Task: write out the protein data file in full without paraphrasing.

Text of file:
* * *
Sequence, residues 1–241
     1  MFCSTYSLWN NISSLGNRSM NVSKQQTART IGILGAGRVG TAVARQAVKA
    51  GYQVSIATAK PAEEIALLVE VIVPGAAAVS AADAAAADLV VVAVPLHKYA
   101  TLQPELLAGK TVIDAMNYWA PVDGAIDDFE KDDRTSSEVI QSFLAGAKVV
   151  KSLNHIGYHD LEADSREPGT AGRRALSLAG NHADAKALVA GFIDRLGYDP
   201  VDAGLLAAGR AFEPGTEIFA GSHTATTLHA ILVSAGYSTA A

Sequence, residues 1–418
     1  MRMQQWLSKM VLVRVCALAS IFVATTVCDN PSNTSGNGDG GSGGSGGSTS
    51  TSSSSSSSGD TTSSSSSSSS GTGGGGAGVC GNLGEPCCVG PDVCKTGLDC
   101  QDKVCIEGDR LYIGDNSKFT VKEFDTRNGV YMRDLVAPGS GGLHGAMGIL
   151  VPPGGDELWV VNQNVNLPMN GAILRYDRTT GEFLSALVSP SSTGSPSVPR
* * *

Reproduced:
Sequence, residues 1–241
     1  MFCSTYSLWN NISSLGNRSM NVSKQQTART IGILGAGRVG TAVARQAVKA
    51  GYQVSIATAK PAEEIALLVE VIVPGAAAVS AADAAAADLV VVAVPLHKYA
   101  TLQPELLAGK TVIDAMNYWA PVDGAIDDFE KDDRTSSEVI QSFLAGAKVV
   151  KSLNHIGYHD LEADSREPGT AGRRALSLAG NHADAKALVA GFIDRLGYDP
   201  VDAGLLAAGR AFEPGTEIFA GSHTATTLHA ILVSAGYSTA A

Sequence, residues 1–418
     1  MRMQQWLSKM VLVRVCALAS IFVATTVCDN PSNTSGNGDG GSGGSGGSTS
    51  TSSSSSSSGD TTSSSSSSSS GTGGGGAGVC GNLGEPCCVG PDVCKTGLDC
   101  QDKVCIEGDR LYIGDNSKFT VKEFDTRNGV YMRDLVAPGS GGLHGAMGIL
   151  VPPGGDELWV VNQNVNLPMN GAILRYDRTT GEFLSALVSP SSTGSPSVPR